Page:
The Permanent Court of International Justice, 1920-1942

The Permanent Court of International Justice, 1920-1942

The Permanent Court of International Justice, 1920-1942

The Permanent Court of International Justice, 1920-1942

Excerpt

Since the publication of the author's treatise on the Permanent Court of International Justice in 1934, important developments have taken place and both the structure and the procedure of the Court have been changed. The Revision Protocol of September 14, 1929, which entered into force on February 1, 1936, introduced a number of amendments into the Statute of the Court; new Rules of Court were promulgated on March 11, 1936, effecting significant changes in the Court's practice and procedure; elections of judges were held in 1935, 1936, 1937, and 1938; the Court's jurisprudence has been developed along lines not previously followed; and numerous States have acted to extend the Court's jurisdiction and support.

These events called for an elaboration of the earlier treatise, and when the war led to a suspension of the Court's activities in 1940, the time seemed to be opportune for the work to be undertaken. Two years have been devoted to the task, and an effort has been made to produce a new treatise which would be a more or less complete record of the establishment, the organization, and the accomplishment of the Court during the period from 1920 to 1942. While the present volume follows the general lines of the earlier treatise, it is the result of a fresh approach to the materials. New chapters have been added on the proposed International Criminal Court and the Institution of Proceedings; a chapter on the Exercise of Contentious Jurisdiction has been omitted and the material redistributed; and the original treatise has been rewritten in view of the whole record and in the light of the author's experience.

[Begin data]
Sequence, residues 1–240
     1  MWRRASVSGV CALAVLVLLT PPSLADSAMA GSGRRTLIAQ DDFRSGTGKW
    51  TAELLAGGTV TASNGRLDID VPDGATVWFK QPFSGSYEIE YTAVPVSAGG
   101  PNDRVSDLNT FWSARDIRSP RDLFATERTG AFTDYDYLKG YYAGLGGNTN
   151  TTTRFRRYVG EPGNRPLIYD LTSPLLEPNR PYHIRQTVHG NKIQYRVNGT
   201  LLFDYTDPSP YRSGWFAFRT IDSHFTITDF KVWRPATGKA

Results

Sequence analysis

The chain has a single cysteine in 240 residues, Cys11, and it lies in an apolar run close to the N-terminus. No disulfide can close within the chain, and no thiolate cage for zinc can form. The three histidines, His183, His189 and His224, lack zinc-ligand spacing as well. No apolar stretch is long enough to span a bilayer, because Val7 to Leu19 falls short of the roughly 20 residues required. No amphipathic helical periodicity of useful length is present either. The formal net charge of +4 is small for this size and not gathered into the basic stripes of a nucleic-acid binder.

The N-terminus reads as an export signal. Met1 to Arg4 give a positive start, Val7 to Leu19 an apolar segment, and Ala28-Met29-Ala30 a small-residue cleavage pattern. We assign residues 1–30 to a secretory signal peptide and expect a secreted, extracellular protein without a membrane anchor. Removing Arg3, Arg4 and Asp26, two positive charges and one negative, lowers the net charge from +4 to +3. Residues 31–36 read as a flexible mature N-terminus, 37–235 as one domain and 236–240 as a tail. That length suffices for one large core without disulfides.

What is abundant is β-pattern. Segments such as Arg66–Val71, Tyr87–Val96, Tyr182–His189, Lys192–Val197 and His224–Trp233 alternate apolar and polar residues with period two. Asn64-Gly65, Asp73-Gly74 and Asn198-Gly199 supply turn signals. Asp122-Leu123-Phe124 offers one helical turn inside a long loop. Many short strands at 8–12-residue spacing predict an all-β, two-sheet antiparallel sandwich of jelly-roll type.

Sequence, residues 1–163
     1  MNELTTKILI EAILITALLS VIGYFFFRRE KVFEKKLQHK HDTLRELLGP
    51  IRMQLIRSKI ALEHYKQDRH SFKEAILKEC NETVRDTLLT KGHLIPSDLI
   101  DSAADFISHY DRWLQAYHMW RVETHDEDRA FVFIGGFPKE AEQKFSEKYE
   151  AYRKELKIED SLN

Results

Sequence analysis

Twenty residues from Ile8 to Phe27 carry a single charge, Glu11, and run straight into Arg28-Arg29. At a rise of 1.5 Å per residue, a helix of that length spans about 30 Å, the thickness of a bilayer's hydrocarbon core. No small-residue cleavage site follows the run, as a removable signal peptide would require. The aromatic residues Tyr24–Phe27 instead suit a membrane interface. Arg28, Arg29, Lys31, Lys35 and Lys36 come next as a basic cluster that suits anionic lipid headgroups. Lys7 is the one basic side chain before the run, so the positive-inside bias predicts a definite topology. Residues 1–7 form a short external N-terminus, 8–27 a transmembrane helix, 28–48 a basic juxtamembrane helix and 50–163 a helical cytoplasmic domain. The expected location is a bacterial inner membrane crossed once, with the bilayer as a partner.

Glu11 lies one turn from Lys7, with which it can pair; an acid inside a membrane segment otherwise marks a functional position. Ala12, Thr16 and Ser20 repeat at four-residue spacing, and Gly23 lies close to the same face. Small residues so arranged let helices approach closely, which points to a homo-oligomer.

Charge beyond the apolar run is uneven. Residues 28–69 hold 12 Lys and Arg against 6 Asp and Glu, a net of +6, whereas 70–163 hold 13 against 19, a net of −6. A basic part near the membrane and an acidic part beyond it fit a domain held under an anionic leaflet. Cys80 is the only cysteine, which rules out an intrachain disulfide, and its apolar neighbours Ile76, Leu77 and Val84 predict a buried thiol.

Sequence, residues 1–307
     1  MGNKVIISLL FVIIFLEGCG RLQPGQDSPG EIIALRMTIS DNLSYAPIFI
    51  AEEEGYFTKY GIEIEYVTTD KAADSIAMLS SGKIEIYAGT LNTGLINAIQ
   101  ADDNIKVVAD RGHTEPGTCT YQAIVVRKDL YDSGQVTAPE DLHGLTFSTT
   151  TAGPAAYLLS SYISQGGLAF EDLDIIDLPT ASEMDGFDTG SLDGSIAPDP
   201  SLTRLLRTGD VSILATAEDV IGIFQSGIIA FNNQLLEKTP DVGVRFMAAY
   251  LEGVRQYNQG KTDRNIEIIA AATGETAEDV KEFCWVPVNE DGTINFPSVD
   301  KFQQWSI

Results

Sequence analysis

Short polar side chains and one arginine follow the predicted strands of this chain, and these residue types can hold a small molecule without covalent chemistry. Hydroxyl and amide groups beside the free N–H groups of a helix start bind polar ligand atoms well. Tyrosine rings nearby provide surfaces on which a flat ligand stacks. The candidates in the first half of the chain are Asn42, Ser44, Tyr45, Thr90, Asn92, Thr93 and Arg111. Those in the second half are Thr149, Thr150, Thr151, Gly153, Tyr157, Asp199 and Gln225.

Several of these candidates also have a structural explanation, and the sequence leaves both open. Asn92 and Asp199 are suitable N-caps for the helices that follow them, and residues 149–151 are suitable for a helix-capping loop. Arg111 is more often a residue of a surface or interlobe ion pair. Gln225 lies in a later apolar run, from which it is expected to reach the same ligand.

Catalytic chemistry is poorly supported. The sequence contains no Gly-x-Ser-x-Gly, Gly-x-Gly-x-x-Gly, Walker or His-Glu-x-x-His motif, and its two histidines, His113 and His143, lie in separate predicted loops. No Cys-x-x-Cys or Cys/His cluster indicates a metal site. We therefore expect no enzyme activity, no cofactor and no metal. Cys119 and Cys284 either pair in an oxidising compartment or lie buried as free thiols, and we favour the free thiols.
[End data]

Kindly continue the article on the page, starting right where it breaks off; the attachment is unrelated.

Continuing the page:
The present treatise is based upon a conception of the work of the Court as a continuation of the process of international adjudication which began to be developed during the nineteenth century, and it is assumed that in spite of its present inactivity the Court is assured of a continuing existence. Circumstances make it impossible to foretell when and how the activities of the Court will be resumed, but it seems unthinkable that this twenty years of human experience will be disregarded in the course . . .

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